What Is Your Reaction to New Guidelines That Loosen Mask Requirements?
Students in U.S. high schools can get free digital access to The New York Times until Sept. 1, 2021.
Federal health officials on May 13 advised Americans who are fully vaccinated against the coronavirus that they could stop wearing masks or maintaining social distance in most settings. In the days since the announcement, what have you observed in your community? Have stores and other businesses changed their policies about masks being worn by customers? Do you see more people without masks?
What is your reaction to the C.D.C.’s new guidelines for vaccinated people? How do they affect you, your family and your community?
In “Mask? No Mask? New Rules Leave Americans Recalibrating, Hour by Hour,” Mitch Smith writes about people’s varied reactions to the announcement:
CHICAGO — For Americans whose bare faces had scarcely been seen in public for a year, there were suddenly options. Would they leave the mask behind for a jog? What about the coffee shop? What about the neighbor’s house? The office?
A sudden loosening this week of federal health guidance on masks has handed Americans a new calculation to make. And it isn’t just one calculation, but a maze of many. As people walked through their days, hour by hour, errand by errand, some wondered at every new doorway: Mask or no mask?
In interviews this weekend with dozens of residents from Los Angeles to Atlanta, people said they were mostly encouraged by the Centers for Disease Control and Prevention’s finding that masks were no longer needed for fully vaccinated people in most indoor and outdoor situations.
But the details, many said, were perplexing, and had stirred new questions about science, but also about trust, social norms and even politics. How can one be certain that people no longer wearing masks have actually gotten a vaccine? What will the neighbors think if you take yours off? (And what will they think if you don’t?) And what if, some asked, you just feel more comfortable in a mask?
The article continues:
Though masks have been found to slow the spread of the coronavirus, their place in the American wardrobe has become more than just epidemiological. Over the last year, as Republicans pushed back against mask mandates, some Democrats wore masks even while outdoors and alone, and updated their Facebook profile photos to show their mouths and noses covered.
“I’m hyper-aware that wearing a mask or not wearing a mask says something about me,” said Annie Krabbenschmidt, 27, a gig worker and writer who lives in Los Angeles. She said she had apprehensions about giving up her mask. “They are so much more than a safety vest, at this point.”
The new guidance seemed to scramble all the presumptions people had come to understand about who wears masks and who does not.
Someone with no mask might still signify that they oppose masks and doubt the risks of Covid-19 — or it now might mean the person is fully vaccinated and following C.D.C. guidance to the letter. And someone with a mask might now be signaling their support for virus-control efforts but rejection of the latest C.D.C. guidance — or it might mean that a person is unvaccinated and following the rules to stay masked. Or it might mean something else altogether. Easy labels have vanished.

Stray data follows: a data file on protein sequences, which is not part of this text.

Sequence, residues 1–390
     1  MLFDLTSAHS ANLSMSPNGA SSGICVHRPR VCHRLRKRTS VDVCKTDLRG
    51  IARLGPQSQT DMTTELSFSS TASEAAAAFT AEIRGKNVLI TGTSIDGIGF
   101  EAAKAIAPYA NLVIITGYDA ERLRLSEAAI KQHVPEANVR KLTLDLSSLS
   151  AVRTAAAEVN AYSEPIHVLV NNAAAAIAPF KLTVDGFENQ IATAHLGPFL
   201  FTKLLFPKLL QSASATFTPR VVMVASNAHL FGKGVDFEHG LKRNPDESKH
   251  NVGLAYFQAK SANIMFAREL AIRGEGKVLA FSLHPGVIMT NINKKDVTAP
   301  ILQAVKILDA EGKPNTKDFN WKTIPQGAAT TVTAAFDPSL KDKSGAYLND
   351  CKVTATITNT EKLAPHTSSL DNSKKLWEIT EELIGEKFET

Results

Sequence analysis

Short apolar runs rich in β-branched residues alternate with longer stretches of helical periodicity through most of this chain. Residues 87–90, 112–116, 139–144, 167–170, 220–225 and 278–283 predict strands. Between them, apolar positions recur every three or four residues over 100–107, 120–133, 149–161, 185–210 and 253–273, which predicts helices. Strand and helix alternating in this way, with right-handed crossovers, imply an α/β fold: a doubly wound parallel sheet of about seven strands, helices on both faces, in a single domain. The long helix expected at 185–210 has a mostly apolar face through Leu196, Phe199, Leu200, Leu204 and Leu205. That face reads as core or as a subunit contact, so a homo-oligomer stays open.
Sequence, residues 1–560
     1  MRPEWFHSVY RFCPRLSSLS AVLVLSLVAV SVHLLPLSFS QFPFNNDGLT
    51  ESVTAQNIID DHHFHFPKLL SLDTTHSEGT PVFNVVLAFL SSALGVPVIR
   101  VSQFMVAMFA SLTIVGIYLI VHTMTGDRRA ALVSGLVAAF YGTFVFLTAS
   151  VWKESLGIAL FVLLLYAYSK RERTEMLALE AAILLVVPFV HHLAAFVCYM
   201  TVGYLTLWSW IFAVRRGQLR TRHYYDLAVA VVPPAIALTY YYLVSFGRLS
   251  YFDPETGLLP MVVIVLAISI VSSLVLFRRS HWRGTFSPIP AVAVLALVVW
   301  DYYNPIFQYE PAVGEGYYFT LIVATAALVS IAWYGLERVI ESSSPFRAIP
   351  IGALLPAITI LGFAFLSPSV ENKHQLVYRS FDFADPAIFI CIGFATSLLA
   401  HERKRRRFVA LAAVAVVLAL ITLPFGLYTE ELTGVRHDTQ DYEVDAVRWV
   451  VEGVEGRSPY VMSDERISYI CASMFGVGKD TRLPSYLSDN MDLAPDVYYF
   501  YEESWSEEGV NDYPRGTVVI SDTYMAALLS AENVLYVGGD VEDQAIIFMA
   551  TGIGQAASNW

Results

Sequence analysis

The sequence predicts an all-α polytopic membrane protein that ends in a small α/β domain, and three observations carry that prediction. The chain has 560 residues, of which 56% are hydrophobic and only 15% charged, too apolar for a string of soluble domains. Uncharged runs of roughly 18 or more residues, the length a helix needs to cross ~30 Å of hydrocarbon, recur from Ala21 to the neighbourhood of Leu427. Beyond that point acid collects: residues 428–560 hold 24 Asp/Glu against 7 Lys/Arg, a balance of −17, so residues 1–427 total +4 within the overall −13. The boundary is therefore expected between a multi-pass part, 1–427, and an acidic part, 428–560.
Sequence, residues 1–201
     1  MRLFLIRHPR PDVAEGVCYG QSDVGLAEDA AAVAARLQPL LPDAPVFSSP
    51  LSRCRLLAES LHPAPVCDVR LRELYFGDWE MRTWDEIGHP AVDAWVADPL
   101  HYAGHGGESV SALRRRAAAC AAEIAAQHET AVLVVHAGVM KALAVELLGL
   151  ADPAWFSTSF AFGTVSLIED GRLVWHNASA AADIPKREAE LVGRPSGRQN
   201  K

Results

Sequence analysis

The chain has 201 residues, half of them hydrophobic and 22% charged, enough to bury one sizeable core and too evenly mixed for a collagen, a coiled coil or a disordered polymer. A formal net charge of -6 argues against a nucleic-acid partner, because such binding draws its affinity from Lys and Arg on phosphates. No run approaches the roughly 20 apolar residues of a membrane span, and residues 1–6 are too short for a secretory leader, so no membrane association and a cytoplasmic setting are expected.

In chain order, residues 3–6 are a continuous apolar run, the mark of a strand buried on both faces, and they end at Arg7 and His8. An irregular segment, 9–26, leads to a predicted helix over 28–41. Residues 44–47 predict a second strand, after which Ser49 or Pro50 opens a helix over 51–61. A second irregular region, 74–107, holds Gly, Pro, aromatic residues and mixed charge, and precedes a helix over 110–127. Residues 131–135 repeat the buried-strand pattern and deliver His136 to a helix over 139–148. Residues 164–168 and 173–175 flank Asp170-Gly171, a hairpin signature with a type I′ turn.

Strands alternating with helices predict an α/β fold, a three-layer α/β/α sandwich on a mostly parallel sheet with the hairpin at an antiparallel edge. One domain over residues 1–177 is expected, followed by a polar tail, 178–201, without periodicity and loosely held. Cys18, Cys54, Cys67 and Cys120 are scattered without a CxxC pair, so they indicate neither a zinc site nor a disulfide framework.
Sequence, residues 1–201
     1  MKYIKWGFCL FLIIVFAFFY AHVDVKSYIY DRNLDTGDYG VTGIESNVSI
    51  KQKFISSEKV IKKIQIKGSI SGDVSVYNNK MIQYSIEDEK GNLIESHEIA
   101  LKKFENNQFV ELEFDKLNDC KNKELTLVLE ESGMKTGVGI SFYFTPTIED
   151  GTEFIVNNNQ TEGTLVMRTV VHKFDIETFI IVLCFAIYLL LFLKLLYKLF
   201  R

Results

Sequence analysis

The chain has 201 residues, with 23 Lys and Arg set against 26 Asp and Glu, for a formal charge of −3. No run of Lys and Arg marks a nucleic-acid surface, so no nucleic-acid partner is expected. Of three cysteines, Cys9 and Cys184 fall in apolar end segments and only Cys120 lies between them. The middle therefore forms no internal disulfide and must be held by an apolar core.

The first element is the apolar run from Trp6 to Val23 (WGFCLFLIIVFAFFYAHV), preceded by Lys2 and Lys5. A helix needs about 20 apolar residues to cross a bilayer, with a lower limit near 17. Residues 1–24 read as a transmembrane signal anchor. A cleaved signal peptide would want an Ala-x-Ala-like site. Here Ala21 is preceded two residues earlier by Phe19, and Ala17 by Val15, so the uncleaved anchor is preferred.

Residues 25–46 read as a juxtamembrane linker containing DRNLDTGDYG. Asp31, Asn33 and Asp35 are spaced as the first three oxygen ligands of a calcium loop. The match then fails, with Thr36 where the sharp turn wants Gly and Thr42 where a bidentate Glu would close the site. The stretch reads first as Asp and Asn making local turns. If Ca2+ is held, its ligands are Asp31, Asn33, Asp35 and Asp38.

With no national system to check who is vaccinated and who is not, the new federal guidance leaves an unavoidable — but gaping — hole, some people said. There’s no guarantee, they said, that unvaccinated people will not discard their masks along with the vaccinated ones, potentially creating a risk that the virus will continue to circulate.
“You never know who is vaccinated or who is lying,” said Bayleigh Harshbarger, 22, who said that she is vaccinated (and telling the truth). She covered her face to go shopping Saturday in Kansas City, Mo., though a mask mandate expired a day earlier. “It’s just so normal now that I feel weird walking places without a mask,” she said.
Students, read the entire article, then tell us:
What are your responses to the concerns expressed by people who are quoted in the article? For instance, do you think that people who aren’t vaccinated will choose not to wear masks now?
Are you vaccinated? Are most of the people you know vaccinated? Do you think the new guidelines for masking take the needs of the unvaccinated into consideration? Why or why not?
The C.D.C. still advises that K-12 schools continue to implement proper mask-wearing through the end of the school year, but do you think it will be harder for schools to enforce mask protocols now? Explain your answer.
In the article, the pastry shop owner Angela Garbacz said:
Do I get rid of my mask requirement? It’s just so much uncertainty with the one thing that’s helped us feel safe in a really scary time.
What do you think Ms. Garbacz should do? Do you think business owners feel pressure to change — or keep — their rules about masks? Will their businesses be affected positively or negatively based on how they respond to the new guidelines? Explain.
The article states that masks have taken on political meaning, but in light of the new guidelines, “easy labels have vanished.” How do you interpret that? Right now, what do you think it “means” to wear a mask or not wear one?
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Students 13 and older in the United States and the United Kingdom, and 16 and older elsewhere, are invited to comment. All comments are moderated by the Learning Network staff, but please keep in mind that once your comment is accepted, it will be made public.
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